Lawmakers working both above and below the surface on California drought relief are making explicit progress this week.
While insisting on secrecy for key deal-making, House of Representatives and Senate members are also publicly moving legislation. A $34.2 billion energy and water funding bill approved Tuesday by a Senate panel, and related movement on the House side expected Wednesday, showcase the overt side of the ledger.
"The purpose is to help mitigate the impact of severe drought," Democratic Sen. Dianne Feinstein, D-Calif., said of the Senate bill Tuesday.
Feinstein chairs the energy and water panel of the Senate Appropriations Committee, which approved the Fiscal 2015 bill that boosts Interior Department funding above what the Obama administration sought. The bill includes "over $100 million" to help the Bureau of Reclamation "address the exceptional drought conditions" afflicting the West, according to a bill summary.
The bill, however, does not specify any California projects in particular.
"There are no earmarks in this bill, I say unfortunately," Feinstein noted.
The exact language of the Senate bill approved quickly by voice vote won't be made public until the full committee acts Thursday. In some California ways, though, it already differs from a House version set for House Appropriations Committee approval Wednesday.
The House version, unlike the Senate's, includes farmer-friendly language that appears to redirect certain funding in the Central Valley away from wildlife refuges and habitat restoration and toward irrigation facility improvements.
Environmental advocate Patricia Schifferle, a critic of the measure, said the House provision would "favor wealthy subsidized irrigators."
The language popped up in the House's draft energy and water bill without warning, potentially as a placeholder for other California anti-drought provisions to be crafted later. Whether this happens is one of the key tactical questions now facing those lawmakers admitted to the negotiating table.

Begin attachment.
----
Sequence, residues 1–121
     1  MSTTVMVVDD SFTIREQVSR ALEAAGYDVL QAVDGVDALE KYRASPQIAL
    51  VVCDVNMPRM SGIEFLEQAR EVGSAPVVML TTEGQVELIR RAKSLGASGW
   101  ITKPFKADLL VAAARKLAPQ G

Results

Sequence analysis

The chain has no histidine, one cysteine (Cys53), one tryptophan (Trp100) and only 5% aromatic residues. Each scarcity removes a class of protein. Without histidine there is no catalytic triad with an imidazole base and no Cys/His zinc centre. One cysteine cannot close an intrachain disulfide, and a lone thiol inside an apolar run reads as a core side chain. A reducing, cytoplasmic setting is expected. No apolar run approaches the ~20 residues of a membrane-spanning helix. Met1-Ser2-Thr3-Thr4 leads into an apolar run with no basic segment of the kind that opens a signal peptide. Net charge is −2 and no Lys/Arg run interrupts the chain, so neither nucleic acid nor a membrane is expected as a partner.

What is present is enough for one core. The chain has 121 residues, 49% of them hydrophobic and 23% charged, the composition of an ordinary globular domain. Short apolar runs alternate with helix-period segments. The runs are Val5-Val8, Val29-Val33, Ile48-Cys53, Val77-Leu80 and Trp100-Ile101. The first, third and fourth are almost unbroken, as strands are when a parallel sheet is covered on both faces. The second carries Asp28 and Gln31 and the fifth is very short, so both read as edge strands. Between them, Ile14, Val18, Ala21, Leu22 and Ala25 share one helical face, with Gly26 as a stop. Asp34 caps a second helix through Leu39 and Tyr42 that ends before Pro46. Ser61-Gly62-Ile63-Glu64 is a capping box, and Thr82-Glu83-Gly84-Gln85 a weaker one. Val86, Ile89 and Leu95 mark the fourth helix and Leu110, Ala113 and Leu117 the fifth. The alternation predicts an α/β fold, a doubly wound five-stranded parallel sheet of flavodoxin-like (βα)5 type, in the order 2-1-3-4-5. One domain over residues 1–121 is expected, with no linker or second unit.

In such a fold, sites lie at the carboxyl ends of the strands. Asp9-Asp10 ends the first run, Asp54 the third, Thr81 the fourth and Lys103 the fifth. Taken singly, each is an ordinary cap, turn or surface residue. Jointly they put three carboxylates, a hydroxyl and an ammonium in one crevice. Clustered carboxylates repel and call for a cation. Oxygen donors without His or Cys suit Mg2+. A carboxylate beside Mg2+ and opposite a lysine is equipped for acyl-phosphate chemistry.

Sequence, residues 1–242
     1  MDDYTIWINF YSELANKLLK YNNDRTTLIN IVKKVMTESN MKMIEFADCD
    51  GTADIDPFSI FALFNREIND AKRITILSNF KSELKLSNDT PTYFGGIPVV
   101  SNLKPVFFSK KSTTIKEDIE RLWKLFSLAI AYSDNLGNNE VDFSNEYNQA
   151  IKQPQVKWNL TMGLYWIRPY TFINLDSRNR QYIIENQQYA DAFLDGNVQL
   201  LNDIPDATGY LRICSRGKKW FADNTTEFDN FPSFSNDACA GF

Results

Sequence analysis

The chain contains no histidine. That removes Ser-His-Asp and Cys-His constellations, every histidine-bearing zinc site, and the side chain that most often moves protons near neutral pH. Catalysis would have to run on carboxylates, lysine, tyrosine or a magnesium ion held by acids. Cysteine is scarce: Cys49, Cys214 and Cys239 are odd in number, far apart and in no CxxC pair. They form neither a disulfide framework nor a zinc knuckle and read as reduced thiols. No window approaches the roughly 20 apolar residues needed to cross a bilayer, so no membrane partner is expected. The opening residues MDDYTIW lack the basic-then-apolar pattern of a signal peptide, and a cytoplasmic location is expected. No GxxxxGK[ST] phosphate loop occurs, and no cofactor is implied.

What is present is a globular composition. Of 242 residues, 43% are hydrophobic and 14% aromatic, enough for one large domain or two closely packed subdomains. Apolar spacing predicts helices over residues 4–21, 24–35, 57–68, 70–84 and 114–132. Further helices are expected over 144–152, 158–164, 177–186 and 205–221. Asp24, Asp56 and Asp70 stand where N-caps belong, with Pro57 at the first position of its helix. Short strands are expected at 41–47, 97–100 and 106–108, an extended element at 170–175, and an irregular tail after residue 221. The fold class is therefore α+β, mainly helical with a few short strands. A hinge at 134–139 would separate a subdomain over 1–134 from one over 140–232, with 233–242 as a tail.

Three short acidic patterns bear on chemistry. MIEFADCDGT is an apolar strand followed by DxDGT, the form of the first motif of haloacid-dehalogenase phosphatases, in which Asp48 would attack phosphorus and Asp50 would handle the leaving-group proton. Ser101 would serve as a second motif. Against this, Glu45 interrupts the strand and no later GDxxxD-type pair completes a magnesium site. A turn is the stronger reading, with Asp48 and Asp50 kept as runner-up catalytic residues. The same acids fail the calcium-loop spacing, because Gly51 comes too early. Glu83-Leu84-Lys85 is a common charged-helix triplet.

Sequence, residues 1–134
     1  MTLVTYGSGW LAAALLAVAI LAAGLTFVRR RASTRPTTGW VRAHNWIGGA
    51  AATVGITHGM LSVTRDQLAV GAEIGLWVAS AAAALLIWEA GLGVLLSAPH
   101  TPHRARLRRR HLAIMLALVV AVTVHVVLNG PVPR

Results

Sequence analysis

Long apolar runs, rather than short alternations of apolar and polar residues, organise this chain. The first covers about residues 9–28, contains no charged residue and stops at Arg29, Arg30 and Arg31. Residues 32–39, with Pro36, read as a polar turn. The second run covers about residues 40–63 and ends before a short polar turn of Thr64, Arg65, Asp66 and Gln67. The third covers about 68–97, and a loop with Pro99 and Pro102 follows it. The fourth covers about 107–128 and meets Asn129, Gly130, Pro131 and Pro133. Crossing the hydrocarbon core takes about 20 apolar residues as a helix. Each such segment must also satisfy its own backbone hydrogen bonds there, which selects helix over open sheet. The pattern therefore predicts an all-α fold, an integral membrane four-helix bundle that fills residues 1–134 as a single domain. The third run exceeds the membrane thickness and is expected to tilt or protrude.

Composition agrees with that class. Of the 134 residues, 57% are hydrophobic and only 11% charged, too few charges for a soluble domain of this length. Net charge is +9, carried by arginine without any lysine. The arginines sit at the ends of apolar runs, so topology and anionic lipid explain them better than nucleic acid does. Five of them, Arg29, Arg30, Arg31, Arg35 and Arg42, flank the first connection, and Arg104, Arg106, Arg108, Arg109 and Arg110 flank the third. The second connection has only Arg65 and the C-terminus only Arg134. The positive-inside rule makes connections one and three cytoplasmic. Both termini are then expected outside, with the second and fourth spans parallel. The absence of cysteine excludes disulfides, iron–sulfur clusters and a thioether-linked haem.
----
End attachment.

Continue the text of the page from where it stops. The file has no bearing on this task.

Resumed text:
Quiet discussions have been taking place since the Republican-controlled House passed a 68-page version of a separate California water bill in February and the Democratic-controlled Senate passed Feinstein's significantly different, 16-page bill by voice vote in May.
"Meetings are ongoing, and we'll see where we get at the end of the day," said Rep. Devin Nunes, R-Tulare. "It's important to lay all the problems out."
The House bill, for instance, limits part of a landmark 1992 law that directed more water to protect the Sacramento-San Joaquin Delta. It removes wild-and-scenic protections from a half-mile of the Merced River in order to potentially expand McClure Reservoir. It allows more storage at New Melones Reservoir, lengthens federal irrigation contracts to 40 years and pre-empts some state law.
The Senate bill includes none of those provisions. Some of it locks into place steps the Obama administration has already taken on its own.
"We're having conversations across the Capitol, looking for the areas where there might be agreement," said Rep. David Valadao, R-Hanford.
Tactically, one possibility has always been to fold whatever California drought provisions get negotiated into the final energy and water funding bill. Because it's needed to keep the federal government running, the appropriations legislation is effectively guaranteed of passage.
But given a choice, lawmakers would rather keep the California water bill separate. On Tuesday, Feinstein said the energy and water package approved by her subcommittee was not the vehicle for moving the broader California drought provisions.
"This is not it," Feinstein said.
So far, the California drought bill discussions have excluded Northern California Democrats, who voted against the House bill. The substance of the discussions, and even their time and place, are being kept under tight wraps.
Last Thursday, for instance, Feinstein's office and House Republicans declined to speak about a planned water meeting until after it had been canceled, in the wake of a special GOP caucus session called by party leaders. Negotiators say they want to avoid premature leaks.